Apostrophe Catastrophes

Why is this little mark so troublesome?

We’ve all seen it and cringed: The sign advertising “Antique’s for Sale,” the one in the supermarket boasting about it’s “fresh cucumber’s,” or the sign on the neighbor’s house saying “Welcome to the Smith’s.” Few among us (or so we hope) don’t know that those are wrong.

Yet its showing up everywhere, even in “edited” copy. Can anyone explain it? Perhaps there’s a bad grammar textbook somewhere, or one teacher incorrectly taught thirty students, who taught thirty more …

The phenomenon is sometimes called “the grocer’s apostrophe,” because it seems most prevalent at the grocery store, though it’s spreading faster than the swine flu. The disease seems to particularly affect words ending in vowels. Nonetheless, lets try to stamp this out. Tell a friend, and ask that friend to tell a friend: Apostrophe’s are not used to form plurals.

Except, of course, when they are.

Yes, there are a few rare cases when an apostrophe is used to form plurals. For example, an apostrophe is needed in the plural of a single letter or number, as in “mind your p’s and q’s” or “digital binary code uses only 0’s and 1’s.” Without the apostrophe, it would be almost impossible to read “ps and qs“ or “0s and 1s.” The plurals of acronyms and initialisms sometimes take apostrophes (as in CD’s), but that use varies by style. And, again depending on style, apostrophes may be used to form plurals of numbers (her salary was in the low 100’s), or so-called “words as word’s” expressions (there can be no if’s, and’s, or but’s about it).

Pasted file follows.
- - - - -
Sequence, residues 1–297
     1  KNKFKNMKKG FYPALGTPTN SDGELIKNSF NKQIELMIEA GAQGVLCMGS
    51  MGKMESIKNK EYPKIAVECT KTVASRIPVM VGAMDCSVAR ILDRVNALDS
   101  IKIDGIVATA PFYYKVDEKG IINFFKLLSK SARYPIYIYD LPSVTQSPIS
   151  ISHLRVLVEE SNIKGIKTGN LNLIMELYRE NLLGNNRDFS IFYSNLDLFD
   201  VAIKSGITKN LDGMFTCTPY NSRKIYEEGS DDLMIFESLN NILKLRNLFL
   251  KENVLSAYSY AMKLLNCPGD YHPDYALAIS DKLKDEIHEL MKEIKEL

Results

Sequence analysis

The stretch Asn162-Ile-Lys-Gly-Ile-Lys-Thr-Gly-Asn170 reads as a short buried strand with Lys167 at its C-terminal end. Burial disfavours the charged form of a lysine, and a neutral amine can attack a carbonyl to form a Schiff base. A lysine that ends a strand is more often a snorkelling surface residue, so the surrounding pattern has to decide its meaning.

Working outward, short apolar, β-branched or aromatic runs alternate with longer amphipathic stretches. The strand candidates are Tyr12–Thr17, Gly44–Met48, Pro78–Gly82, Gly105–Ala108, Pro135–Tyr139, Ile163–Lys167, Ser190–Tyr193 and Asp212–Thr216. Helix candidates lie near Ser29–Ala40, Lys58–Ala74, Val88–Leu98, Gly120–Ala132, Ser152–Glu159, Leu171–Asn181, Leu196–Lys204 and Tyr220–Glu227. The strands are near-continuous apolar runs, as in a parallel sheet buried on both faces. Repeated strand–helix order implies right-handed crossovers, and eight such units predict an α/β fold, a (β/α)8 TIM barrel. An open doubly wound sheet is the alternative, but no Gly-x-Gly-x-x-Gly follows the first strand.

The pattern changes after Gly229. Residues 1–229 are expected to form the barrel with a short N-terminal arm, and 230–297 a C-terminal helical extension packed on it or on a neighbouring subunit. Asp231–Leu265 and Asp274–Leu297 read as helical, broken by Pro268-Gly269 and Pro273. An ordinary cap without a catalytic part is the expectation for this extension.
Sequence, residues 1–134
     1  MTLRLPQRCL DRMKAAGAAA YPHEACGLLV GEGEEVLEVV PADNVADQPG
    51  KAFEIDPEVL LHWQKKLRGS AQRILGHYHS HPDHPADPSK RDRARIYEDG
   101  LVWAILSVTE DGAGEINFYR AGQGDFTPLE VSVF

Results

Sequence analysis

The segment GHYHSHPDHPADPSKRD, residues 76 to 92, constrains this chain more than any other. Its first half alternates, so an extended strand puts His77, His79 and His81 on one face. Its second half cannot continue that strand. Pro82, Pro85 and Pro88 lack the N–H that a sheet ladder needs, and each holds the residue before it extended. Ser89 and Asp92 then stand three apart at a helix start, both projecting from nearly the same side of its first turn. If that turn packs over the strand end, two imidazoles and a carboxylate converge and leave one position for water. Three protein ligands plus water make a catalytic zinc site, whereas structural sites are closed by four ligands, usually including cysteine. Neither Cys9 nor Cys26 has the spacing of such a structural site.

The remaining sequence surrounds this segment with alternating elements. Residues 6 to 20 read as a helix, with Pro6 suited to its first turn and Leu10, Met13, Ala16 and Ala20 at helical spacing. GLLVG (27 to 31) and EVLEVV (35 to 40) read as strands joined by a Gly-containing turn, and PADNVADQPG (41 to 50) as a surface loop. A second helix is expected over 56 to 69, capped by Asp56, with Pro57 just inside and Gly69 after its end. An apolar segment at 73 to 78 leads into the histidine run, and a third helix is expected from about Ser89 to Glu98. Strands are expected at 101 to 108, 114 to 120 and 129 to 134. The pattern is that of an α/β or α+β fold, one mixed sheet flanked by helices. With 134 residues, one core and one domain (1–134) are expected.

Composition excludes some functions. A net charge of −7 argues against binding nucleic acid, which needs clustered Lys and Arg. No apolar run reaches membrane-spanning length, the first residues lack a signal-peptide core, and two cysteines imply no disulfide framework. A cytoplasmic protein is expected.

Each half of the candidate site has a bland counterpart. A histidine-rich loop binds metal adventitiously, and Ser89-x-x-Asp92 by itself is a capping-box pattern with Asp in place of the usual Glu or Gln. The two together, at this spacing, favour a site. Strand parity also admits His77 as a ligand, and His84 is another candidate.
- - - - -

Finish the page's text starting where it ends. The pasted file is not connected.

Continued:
Apostrophes are primarily used to indicate possession (Sharon’s book) or to indicate omission, as in a contraction, where the apostrophe replaces letters (I can’t ever remember the difference between its and it’s). Apostrophes may also be used, depending on style, to indicate the contraction of a number: “2009” becomes “’09.” In fact, since the possessive apostrophe is really replacing the word “of” (the book of Sharon), you’ll rarely go wrong if you remember that an apostrophe almost always indicates that something has been dropped.

If you remember that last sentence, you’ll also never have the “it’s/its” problem, which is also endemic. If you can’t replace “it’s” with “it is,” your “it’s” is a possessive personal pronoun and should be “its.” And that’s probably the crux of much apostrophe confusion, since possessive personal pronouns—mine, yours, his, hers, theirs—are just about the only possessives that don’t take apostrophes.

One more little apostrophic quirk: Because the possessive apostrophe effectively replaces “of,” you need one in such phrases as “I could use two weeks’ rest” (two weeks of rest) or “he was sentenced to twenty years’ imprisonment” (twenty years of imprisonment). But you’d never say “she’s six months of pregnant,” so you don’t want an apostrophe in the phrase “she’s six months pregnant.”

Now that you know it all, how many apostrophe errors did you spot in this column?*

* There are five intentional apostrophe errors, not counting the examples of erroneous use. (Write languagecorner@cjr.org if you need a key.) If you counted “grocer’s apostrophe,” make it six, because you’re assuming “grocers” is an adjective, not a noun, the way “teachers union” doesn’t need an apostrophe—but that’s another column.

Merrill Perlman managed copy desks across the newsroom at The New York Times, where she worked for 25 years. Follow her on Twitter at @meperl.